• Thu
  • Jul 31, 2014
  • Updated: 2:45am

Ma faces stiff economic challenge from EU crisis

PUBLISHED : Monday, 16 January, 2012, 12:00am
UPDATED : Monday, 16 January, 2012, 12:00am

Ma Ying-jeou faces a stiff challenge in shaping Taiwan's economy as the impact of the European debt crisis becomes increasingly apparent, the media said.

An editorial in the China Times yesterday said Ma's race with Dr Tsai Ing-wen was tougher than expected because his performance over the past four years had not been up to expectations. It also said the DPP lost the election because Taiwanese people wanted closer economic ties with the mainland and because the majority of people recognised the 1992 consensus with the mainland.

But it said the Ma administration should learn lessons from the past four years as it had failed to deliver major policy initiatives.

'Under the existing international circumstances, the next four years will be more challenging, and the steps of reform should not be stopped,' the editorial said. 'Ma should take drastic action to rejuvenate Taiwan, defend the Republic of China and promote unity among the pan-blue camp.'

The United Daily News said the situation facing Taiwan was not optimistic, and that Ma should narrow the income gap and listen to the opinions of the opposition.

The Liberty Times, a pro-green paper, said Ma should be made aware that nearly half of the people were suspicious of him, particularly of his pro-Beijing stance that it said was causing Taiwan to lose its identity.

A report in the newspaper said the mainland was the real winner in the elections as Beijing could interfere in Taiwan's affairs through economic deals signed with Ma's administration, which would lead to Taiwan being 'swallowed up'.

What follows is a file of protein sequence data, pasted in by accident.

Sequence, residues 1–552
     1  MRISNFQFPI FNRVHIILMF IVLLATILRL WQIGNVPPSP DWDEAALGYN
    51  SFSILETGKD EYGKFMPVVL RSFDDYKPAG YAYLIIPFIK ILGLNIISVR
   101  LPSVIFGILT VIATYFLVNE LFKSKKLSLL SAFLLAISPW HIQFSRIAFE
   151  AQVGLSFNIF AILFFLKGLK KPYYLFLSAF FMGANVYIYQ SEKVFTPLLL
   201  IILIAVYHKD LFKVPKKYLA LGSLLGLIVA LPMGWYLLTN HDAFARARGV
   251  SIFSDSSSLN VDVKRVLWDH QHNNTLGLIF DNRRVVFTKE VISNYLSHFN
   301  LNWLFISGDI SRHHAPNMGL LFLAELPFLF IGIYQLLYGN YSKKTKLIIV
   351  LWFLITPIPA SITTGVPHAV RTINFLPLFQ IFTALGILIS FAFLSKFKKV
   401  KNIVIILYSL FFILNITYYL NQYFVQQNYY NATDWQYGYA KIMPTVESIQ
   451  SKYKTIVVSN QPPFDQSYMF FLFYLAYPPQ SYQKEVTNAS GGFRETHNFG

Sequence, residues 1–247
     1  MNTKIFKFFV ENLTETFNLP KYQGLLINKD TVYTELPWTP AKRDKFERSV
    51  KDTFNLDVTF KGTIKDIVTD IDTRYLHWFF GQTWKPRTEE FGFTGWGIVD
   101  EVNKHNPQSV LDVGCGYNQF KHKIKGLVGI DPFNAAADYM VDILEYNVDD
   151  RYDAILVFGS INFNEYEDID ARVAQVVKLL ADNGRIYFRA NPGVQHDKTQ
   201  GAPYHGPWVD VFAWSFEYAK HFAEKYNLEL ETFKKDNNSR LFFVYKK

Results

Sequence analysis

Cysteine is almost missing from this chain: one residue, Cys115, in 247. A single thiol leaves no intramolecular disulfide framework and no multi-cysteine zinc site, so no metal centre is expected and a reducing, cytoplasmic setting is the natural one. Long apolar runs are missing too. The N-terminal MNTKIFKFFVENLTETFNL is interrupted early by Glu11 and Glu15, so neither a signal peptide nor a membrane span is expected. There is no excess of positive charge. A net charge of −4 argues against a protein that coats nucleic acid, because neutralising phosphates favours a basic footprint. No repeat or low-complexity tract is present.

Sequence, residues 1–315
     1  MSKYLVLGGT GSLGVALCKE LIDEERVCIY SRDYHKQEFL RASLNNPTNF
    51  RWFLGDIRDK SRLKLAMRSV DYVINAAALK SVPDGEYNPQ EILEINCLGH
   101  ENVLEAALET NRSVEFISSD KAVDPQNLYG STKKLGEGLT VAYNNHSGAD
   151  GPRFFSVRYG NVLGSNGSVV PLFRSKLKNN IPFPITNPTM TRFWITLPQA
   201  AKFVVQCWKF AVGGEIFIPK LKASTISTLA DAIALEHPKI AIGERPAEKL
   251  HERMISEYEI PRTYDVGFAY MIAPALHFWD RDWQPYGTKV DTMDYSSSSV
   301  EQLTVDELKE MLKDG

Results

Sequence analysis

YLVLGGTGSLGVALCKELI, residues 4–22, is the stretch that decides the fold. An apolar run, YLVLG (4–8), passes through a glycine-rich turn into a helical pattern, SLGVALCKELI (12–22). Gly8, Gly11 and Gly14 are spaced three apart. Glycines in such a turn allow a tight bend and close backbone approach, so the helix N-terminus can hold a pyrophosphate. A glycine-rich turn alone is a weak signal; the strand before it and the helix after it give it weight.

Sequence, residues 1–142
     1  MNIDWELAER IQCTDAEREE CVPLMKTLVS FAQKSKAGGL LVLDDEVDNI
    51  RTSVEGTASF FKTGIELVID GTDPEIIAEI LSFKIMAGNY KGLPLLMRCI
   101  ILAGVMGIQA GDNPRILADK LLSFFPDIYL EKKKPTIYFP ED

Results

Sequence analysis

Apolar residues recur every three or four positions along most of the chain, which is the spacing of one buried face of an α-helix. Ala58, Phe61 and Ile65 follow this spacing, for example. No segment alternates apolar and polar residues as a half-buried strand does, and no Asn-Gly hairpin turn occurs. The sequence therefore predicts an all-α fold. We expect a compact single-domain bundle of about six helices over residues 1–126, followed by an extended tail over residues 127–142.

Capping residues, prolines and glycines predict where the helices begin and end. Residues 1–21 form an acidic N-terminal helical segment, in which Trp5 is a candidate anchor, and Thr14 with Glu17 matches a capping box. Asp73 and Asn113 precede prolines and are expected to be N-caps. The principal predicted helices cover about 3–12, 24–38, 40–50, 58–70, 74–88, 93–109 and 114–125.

It also said the DPP should learn a lesson from its failure, and the paper predicted that Frank Hsieh Chang-ting, a former president of the Executive Yuan, and Su Tseng-chang, a former premier, would lead the party.

The Taipei Times, another pro-green paper, said Ma's re-election did not necessarily mean cross-strait ties would remain stable, as Beijing might increase pressure on Taiwan.

Meanwhile, the United States and the European Union welcomed Ma's re-election.

'Cross-strait peace, stability and improved relations, in an environment free from intimidation, are of profound importance to the United States,' the White House said.

EU foreign policy chief Catherine Ashton said she welcomed improvements in cross-strait relations made over the past four years.

Mainland state media were reportedly positively on the outcome. Xinhua said the results showed Taiwanese people supported closer ties.

'The victory of Ma and the Kuomintang may represent a new opportunity for the development of cross-strait relations,' the agency said.

Discussions by mainland internet users remained vibrant. Some microbloggers said they were touched by the speech Tsai made after her defeat, particularly about the need for opposition voices and parties.

'The mainland is too harmonious - we dare not have opposition voices,' joked one blogger.

Ma Yong, a researcher at the Chinese Academy of Social Sciences, said the election would have a significant impact on the mainland.

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